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In re Marriage of Tooker

Court of Appeals of Colorado, Seventh Division

May 23, 2019

In re the Marriage of Jennifer Ann Tooker, Appellant, and Mark Glen Tooker, Appellee, and Concerning El Paso County Child Support Services, Intervenor.

          El Paso County District Court No. 14DR3131 Honorable Erin Sokol, Judge

          Beltz & West, P.C., Daniel A. West, Colorado Springs, Colorado, for Appellant No Appearance for Appellee.

          Marrison Family Law, LLC, Mikayla Shearer, Colorado Springs, Colorado, for Intervenor.

          OPINION

          DUNN JUDGE.

         ¶ 1 The Post-9/11 Veterans Educational Assistance Act of 2008, referred to here as the GI Bill, 38 U.S.C. §§ 3301-3327 (2018), provides eligible veterans with education benefits such as tuition assistance, a stipend for books and supplies, and a monthly housing allowance, 38 U.S.C. § 3313(a), (c)(1) (2018). Mark Glen Tooker, a retired veteran, took advantage of the GI Bill's benefits to attend college.

         ¶ 2 In this post-dissolution of marriage dispute, Mark's former spouse, Jennifer Ann Tooker, challenges the district court's order modifying Mark's spousal maintenance and child support obligations.[1] More specifically, she contends the district court erred in not (1) including the tuition assistance and book stipend Mark received under the GI Bill as income for purposes of calculating maintenance and child support; (2) including Mark's potential timber income in calculating maintenance and child support; and (3) making sufficient findings to modify Mark's maintenance obligation. Because we disagree with these contentions, we affirm.

         I. Background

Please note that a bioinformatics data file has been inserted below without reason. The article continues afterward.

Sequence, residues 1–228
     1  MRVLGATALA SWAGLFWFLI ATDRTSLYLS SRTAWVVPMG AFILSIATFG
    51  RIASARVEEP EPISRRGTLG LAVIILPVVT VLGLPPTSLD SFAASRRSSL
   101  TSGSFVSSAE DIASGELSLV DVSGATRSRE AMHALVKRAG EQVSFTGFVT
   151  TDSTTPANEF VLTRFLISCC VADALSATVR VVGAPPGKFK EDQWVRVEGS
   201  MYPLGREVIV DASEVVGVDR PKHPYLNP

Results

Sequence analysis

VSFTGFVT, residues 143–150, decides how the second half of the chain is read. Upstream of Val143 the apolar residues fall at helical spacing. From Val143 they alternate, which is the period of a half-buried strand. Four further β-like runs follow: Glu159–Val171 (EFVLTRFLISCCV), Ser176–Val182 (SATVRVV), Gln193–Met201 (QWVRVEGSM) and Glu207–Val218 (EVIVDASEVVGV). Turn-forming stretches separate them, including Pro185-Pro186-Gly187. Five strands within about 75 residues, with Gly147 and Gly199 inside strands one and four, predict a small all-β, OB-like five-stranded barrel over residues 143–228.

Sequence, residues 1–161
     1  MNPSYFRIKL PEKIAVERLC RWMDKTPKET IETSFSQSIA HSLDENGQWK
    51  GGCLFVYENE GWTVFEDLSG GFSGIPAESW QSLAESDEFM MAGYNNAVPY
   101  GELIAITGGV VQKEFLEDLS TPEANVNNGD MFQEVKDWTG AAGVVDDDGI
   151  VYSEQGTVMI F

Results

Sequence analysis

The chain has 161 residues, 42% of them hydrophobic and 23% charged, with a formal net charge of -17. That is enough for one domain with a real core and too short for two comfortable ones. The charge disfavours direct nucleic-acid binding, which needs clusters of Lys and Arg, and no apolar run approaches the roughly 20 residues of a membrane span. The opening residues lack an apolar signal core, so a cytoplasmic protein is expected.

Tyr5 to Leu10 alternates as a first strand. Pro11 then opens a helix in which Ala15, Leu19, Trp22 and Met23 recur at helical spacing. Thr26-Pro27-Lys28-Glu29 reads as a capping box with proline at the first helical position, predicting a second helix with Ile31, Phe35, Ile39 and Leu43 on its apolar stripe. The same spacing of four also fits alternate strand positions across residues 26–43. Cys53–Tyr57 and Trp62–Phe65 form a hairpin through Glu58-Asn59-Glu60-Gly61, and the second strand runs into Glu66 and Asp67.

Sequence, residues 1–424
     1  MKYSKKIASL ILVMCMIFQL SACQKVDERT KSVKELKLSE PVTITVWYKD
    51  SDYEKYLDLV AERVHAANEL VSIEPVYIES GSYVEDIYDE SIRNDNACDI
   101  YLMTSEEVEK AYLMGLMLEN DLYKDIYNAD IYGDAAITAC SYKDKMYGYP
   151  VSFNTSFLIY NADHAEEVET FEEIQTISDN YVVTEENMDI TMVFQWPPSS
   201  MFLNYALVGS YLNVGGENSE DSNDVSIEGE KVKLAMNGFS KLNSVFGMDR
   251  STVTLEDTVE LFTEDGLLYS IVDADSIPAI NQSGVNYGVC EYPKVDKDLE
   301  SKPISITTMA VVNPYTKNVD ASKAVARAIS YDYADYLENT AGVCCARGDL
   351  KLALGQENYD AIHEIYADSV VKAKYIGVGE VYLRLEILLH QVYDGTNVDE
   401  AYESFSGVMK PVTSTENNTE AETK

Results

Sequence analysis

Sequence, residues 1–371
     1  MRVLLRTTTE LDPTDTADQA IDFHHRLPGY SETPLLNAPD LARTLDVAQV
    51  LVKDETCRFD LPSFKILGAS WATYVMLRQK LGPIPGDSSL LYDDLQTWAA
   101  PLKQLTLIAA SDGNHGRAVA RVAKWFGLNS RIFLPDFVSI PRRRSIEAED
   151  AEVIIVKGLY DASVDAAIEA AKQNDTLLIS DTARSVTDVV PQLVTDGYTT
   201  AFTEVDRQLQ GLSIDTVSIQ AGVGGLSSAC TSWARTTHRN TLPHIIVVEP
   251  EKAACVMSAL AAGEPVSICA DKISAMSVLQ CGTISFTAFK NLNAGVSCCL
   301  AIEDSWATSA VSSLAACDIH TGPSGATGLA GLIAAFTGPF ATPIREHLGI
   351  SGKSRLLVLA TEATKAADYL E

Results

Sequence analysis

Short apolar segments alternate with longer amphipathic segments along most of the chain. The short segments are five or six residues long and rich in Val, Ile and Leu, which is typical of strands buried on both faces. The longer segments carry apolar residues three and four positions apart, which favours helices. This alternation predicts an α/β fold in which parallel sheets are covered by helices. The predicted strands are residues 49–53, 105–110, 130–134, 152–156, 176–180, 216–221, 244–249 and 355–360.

¶ 3 The district court entered a decree dissolving the parties' twenty-year marriage in 2015. At that time, Mark and Jennifer had two biological children. Jennifer also had a daughter, A.C.J.T., who was not Mark's biological child.

         ¶ 4 As part of the dissolution decree, and based on the parties' agreed parenting plan, the district court excluded A.C.J.T. from the child support calculation but ordered Mark to pay child support for the Tookers' two biological children, as well as maintenance.

         ¶ 5 Within the next few years, Jennifer and Mark each sought to modify Mark's monthly obligations. For her part, Jennifer asserted that Mark was A.C.J.T.'s legal parent and moved to modify the child support obligation to include A.C.J.T.[2] She also moved to modify maintenance, arguing that circumstances had changed due to a "more than 10%" decrease in her income.

         ¶ 6 For his part, Mark sought modification or termination of maintenance based on other changed circumstances, including his reduced income (due to his military retirement) and, in his view, Jennifer's "dramatically increased income."

         ¶ 7 While the modification motions were pending, the juvenile court, in a separate proceeding not contested here, determined that Mark was A.C.J.T.'s legal father.

         ¶ 8 Not long after, the district court held an evidentiary hearing on the parties' motions to modify maintenance and Jennifer's motion to modify child support. It declined to modify Mark's maintenance obligation and, as relevant here, ordered Mark to pay $563 a month in child support for A.C.J.T. When calculating Mark's income, the district court included his military retirement; forty hours per week of imputed employment income; and, from the GI Bill, Mark's tuition assistance, book stipend, and housing allowance.

         ¶ 9 After the court entered the modification order, Mark sought reconsideration under C.R.C.P. 59. With respect to the GI Bill benefits, Mark argued that the tuition assistance and book stipend benefits should not be included as income for purposes of child support and maintenance. But he acknowledged that "the housing allowance stipend paid directly to [him] should be included." The district court agreed, finding that the tuition assistance payment was "made directly to [Mark's] educational institution" and he was not free to use this money on daily living expenses. The court similarly found the GI Bill allotted the book stipend for Mark's "educational books" and he could not use the stipend for discretionary expenses.

         ¶ 10 Given this, the district court excluded the GI Bill tuition assistance and book stipend benefits from Mark's income. It then recalculated his income using his military retirement, the GI Bill housing allowance, and forty hours per week of imputed employment income. The court concluded that Mark's monthly income was $3749. Based on the recalculated income, the district court ordered Mark to pay $553 per month in child support. And applying "the statutory formula" for maintenance to Mark's ...


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